Note:  1) C.Y. Ferdinand, “Richard Baldwin Junior, Bookseller,” in Studies in Bibliography, Vol 42 (1989), p. 259.

Blood and Thunder: A Murder most Foul Drawn by a Child

One of our newest acquisitions here at Cotsen is an example of juvenilia,or a musical, or visual art created by a child artist (we apply it to works made by children who did not grow up to be famous).  This particular piece is a cleverly illustrated French-language poster presumably created and inscribed by J. M. Legeay (Jean-Marc?) September 1896 (see final panel). The poster tells a story in pictures about a murder and what ensues after the despicable act, complete with a sobering moral.

Although this murder is resolved and justice is meted out, many mysteries surrounding the piece itself.  Where was it made?  Who made it? Why was it made?  Without further ado: Un Crime Effroyable [A terrible crime].

Un Crime Effroyable

This handmade poster in ten panels of paper with a folding cardboard border is illustrated in crayon, ink, watercolor, and pencil.   All the panels are backed on black linen cloth and is carefully designed so that it can be hung on the wall or neatly folded up.

The top two panels bear a decorative title:

(Notice the string for hanging and the torn hanging hole on the left.)

(Notice the string for hanging and the torn hanging hole on the left.)

From these physical facts we might infer that this item was diligently worked on by a young (and presumably amateur artist) with a good degree of skill.  It would have taken several hours at least to illustrate, cut, lay out, and paste down on the backing.  But we don’t get a clear indication of why he spent so much time creating it.  Legeay probably didn’t create a this story of crime and punishment just for his own amusement. Rather, it seems possible that it might have been  a school assignment, an exercise in moral education.  Let’s see what the young man learned…

Un Crime Effroyable, first panelIn this first scene there are two characters: a middle-class fop in bright yellow pants, who has just left the wine and liquor store in the background, and a small green blob in the middle distance, whom we soon learn is the malefactor.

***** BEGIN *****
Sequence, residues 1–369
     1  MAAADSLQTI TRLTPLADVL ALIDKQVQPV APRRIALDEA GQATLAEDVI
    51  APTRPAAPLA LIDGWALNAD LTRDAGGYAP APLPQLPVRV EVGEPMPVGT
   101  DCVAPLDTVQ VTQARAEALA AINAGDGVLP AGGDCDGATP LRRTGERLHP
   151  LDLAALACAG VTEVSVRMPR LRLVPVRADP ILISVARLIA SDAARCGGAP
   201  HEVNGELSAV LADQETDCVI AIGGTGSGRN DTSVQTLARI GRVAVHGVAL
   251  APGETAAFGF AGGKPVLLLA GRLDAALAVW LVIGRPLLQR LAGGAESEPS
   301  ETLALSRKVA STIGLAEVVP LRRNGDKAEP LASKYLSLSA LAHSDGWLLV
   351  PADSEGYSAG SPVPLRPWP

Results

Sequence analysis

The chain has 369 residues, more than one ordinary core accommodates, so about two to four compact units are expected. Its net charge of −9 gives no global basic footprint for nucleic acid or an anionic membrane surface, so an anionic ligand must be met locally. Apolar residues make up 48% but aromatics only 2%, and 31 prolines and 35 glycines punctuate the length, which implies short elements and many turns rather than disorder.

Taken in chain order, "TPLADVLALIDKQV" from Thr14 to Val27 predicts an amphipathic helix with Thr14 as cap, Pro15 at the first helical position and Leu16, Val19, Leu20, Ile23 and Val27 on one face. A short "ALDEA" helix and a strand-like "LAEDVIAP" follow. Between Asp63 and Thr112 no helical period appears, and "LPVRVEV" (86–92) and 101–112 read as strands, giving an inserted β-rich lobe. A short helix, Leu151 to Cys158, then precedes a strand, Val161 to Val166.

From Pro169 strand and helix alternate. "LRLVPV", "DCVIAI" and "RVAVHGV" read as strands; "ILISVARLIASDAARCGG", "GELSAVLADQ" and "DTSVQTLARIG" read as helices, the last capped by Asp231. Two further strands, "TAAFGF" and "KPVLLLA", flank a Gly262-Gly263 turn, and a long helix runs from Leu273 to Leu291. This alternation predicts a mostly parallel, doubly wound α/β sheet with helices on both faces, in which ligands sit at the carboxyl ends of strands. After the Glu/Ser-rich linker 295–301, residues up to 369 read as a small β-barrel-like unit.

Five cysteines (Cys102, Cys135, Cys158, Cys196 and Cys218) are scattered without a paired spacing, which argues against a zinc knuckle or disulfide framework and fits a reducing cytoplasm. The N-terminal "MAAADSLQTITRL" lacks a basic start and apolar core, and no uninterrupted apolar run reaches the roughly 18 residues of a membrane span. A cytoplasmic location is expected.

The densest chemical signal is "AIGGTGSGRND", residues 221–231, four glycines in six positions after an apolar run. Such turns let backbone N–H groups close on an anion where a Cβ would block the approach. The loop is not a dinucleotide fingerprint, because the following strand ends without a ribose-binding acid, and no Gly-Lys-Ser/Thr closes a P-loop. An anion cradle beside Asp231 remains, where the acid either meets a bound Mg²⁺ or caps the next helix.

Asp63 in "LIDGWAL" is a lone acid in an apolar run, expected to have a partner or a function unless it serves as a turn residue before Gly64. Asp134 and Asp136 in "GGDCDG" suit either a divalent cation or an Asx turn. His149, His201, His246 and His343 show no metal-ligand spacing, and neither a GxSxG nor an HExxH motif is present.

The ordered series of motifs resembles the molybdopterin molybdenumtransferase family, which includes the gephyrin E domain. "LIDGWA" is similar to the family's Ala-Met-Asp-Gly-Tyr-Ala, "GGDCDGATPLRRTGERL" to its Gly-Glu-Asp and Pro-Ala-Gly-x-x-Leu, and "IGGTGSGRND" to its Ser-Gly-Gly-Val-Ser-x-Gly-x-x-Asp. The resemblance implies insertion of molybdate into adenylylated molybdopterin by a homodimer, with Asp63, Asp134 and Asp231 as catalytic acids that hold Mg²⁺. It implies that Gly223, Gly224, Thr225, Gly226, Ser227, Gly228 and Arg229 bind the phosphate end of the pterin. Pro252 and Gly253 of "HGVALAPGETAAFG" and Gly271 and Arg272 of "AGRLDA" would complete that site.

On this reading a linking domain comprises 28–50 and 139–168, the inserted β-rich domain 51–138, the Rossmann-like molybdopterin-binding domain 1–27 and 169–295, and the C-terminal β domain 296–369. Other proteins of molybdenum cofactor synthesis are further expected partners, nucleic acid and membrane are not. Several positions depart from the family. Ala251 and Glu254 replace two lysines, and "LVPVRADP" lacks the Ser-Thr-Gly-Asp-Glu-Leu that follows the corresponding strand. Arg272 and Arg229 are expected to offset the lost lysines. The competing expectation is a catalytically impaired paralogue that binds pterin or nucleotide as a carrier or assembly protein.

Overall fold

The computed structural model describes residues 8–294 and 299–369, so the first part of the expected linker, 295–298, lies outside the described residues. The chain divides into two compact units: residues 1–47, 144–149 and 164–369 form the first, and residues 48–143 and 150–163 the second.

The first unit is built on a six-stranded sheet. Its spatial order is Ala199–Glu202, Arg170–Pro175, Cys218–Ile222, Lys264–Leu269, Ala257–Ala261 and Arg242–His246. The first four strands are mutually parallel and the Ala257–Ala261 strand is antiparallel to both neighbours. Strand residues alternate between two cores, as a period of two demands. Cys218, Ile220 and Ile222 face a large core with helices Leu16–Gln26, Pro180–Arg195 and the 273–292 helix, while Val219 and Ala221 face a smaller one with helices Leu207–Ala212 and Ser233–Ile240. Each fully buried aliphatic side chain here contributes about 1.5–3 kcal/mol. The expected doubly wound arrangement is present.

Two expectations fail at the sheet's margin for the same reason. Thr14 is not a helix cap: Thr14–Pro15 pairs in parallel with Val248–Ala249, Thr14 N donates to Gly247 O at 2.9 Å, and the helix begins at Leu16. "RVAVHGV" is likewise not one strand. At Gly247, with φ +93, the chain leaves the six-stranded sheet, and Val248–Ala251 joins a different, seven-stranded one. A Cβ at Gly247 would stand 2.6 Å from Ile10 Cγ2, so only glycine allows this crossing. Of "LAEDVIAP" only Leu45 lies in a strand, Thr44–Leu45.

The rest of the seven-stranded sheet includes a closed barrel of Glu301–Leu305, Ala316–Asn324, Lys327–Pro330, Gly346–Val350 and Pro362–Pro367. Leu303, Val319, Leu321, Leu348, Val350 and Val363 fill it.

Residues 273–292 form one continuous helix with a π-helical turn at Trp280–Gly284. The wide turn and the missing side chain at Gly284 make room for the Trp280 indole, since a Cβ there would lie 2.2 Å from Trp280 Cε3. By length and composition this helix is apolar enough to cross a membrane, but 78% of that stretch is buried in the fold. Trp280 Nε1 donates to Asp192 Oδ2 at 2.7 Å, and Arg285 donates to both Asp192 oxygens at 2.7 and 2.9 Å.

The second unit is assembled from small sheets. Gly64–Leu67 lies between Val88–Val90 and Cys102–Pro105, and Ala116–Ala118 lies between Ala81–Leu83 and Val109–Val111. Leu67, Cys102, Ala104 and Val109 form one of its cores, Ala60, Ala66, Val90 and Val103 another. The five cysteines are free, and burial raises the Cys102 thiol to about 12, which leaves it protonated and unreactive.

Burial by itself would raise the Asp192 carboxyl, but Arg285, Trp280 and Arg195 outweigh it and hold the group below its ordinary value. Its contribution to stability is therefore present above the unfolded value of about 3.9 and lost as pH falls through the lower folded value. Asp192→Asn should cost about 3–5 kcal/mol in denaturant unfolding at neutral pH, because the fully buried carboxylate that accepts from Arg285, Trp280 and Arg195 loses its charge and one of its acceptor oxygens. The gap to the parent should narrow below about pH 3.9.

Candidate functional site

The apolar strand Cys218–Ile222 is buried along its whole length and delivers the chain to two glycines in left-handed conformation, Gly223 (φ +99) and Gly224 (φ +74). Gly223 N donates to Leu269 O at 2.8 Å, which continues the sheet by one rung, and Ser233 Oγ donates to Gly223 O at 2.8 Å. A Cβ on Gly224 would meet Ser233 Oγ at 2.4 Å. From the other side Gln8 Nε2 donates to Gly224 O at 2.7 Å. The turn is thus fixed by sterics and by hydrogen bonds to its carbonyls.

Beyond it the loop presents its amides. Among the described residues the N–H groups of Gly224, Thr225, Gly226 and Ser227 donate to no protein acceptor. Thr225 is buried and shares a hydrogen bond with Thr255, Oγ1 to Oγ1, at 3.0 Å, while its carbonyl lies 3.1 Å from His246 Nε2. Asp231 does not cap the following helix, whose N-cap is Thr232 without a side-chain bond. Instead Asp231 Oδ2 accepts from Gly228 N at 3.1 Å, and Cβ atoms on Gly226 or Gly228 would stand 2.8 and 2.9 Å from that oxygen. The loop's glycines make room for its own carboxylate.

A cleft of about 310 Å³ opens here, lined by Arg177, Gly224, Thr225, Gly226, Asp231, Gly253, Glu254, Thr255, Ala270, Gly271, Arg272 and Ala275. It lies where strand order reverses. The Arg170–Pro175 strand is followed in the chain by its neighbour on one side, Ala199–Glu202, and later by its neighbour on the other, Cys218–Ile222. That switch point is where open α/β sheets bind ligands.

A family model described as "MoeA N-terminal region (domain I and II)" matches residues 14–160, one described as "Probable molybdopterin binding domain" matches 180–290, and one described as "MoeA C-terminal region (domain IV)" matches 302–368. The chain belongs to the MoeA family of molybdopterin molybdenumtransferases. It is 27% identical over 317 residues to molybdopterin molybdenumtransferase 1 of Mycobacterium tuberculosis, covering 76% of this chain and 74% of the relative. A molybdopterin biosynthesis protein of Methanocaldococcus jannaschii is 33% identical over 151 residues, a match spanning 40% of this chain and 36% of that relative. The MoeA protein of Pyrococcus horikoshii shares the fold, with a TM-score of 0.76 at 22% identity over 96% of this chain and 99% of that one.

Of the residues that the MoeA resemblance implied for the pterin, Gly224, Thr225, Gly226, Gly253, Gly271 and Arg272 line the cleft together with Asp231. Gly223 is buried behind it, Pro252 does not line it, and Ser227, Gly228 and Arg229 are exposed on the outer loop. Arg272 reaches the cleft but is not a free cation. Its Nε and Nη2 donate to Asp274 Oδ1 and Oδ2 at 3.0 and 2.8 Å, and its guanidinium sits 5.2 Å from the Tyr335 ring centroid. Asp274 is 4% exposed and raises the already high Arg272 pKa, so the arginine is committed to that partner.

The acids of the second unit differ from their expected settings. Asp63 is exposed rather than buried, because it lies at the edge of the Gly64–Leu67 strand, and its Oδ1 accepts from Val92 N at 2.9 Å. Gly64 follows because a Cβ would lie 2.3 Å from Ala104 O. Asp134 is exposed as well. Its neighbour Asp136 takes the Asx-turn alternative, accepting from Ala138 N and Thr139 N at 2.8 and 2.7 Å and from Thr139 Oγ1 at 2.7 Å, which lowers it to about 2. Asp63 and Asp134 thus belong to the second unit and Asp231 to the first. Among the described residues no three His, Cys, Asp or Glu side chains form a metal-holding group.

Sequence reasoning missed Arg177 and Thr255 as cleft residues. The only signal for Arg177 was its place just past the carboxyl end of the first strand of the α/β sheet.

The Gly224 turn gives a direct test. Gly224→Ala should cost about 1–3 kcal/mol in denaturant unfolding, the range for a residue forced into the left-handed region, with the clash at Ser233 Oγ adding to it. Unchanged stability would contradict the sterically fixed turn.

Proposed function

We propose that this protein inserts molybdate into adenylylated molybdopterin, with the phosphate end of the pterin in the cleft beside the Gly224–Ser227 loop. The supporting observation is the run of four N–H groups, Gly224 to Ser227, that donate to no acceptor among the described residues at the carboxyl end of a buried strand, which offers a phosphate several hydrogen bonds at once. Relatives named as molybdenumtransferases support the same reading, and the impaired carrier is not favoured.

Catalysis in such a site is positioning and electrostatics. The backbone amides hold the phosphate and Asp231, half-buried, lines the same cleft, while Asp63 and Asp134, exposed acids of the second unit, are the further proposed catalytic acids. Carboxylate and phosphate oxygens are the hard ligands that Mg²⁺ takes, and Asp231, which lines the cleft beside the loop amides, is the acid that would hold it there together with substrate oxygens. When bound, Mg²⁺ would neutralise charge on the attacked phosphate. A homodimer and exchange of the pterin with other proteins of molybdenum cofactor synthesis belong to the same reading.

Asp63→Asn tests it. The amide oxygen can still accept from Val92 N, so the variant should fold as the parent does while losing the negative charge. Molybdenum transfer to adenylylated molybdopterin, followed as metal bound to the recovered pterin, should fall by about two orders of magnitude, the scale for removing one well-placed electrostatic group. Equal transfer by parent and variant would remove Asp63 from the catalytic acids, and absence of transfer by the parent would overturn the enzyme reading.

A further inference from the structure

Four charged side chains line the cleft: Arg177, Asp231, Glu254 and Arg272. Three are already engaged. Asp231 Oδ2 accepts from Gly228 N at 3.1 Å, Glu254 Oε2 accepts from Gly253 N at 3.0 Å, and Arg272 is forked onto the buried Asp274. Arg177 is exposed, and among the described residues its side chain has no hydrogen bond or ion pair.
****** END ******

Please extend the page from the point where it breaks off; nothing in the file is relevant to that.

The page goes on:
Un Crime Effroyable, second panelHere, with no explanation, our friend with the cherubic face who is feeling no pain is stabbed by a mustachioed assailant.  But notice  how the clothes of the victim and the murderer identify their respective classes.  The bourgeois with his top hat and parasol  is cut down by a working class man in his plain green coat and matching kepi. At this point we might ask if this is an illustration of class conflict; an instance of a working-class man preying on a defenseless middle class-man by a middle-class child evincing a common bourgeois fear of  the supposedly brutal and violent lower class. Of course, the artist Legeay is just a child and foisting a propagandist motivation upon him may not be warranted.  I believe he is just reflecting the world views around him in a school assignment.

In this next scene two officers happen upon the hapless body of our victim. Notice their spurs . . . but lack of horses to use them on.

In this next scene two officers happen upon the hapless body of our victim. Notice their spurs . . . but lack of horses to use them on.

The killer smokes his victim's pipe, the scoundrel!

The killer smokes his victim’s pipe, the scoundrel!

Our murderer contently relaxes in a local café after his grisly deed, as the be-spurred officer enters. In this panel are the first clues as to the place of origin for this poster. On the door is written “Café” and “Cidre.”  “Cidre” is French for cider, specifically the kind produced in Normandy and Brittany. This familiarity with cidre might be an indication that Legeay is from one of these regions (or just a budding drunk).  But as we will see, there is other evidence that points in a very different direction.

The murderer, sandwiched between spurs, is apprehended and clearly startled.

The murderer, sandwiched between spurs, is apprehended and clearly startled.

Here our guilty man seems repentant and regretful at the Assize Court. Notice the second sign in the background: Etres Sans Frapper (enter without knocking).

Here our guilty man seems repentant and regretful at the Assize Court. Notice the second sign in the background: Etres Sans Frapper (enter without knocking).

Un Crime Effroyable, guillotine sceneIn this scene the action of the story comes to a close.  Our killer is  escorted to a smiling executioner manning the infamous guillotine.The perpetrator’s escorts are none other than our officers-in-spurs and a crucifix bearing priest. This panel, however, shows us more than just the moments leading up to our murderer’s death. Look closely at the left side of the illustration and you might just be able to make out the most puzzling feature of this item, what appears to be debossed text reading: Hollonge.

Provided here are two closer images of the text (one vertical, one horizontal):

closer image of the text, vertical

closer image of the text, horizontalThis text could be a hand-written inscription or  a trade mark on the paper itself. It seems unlikely that it is the debossed trade mark of a paper manufacturer named Hollonge, because the mark does not appear on any other panel of the poster and no such company was turned up in my research. So it might be an inscription. But who wrote it and why? What does it mean?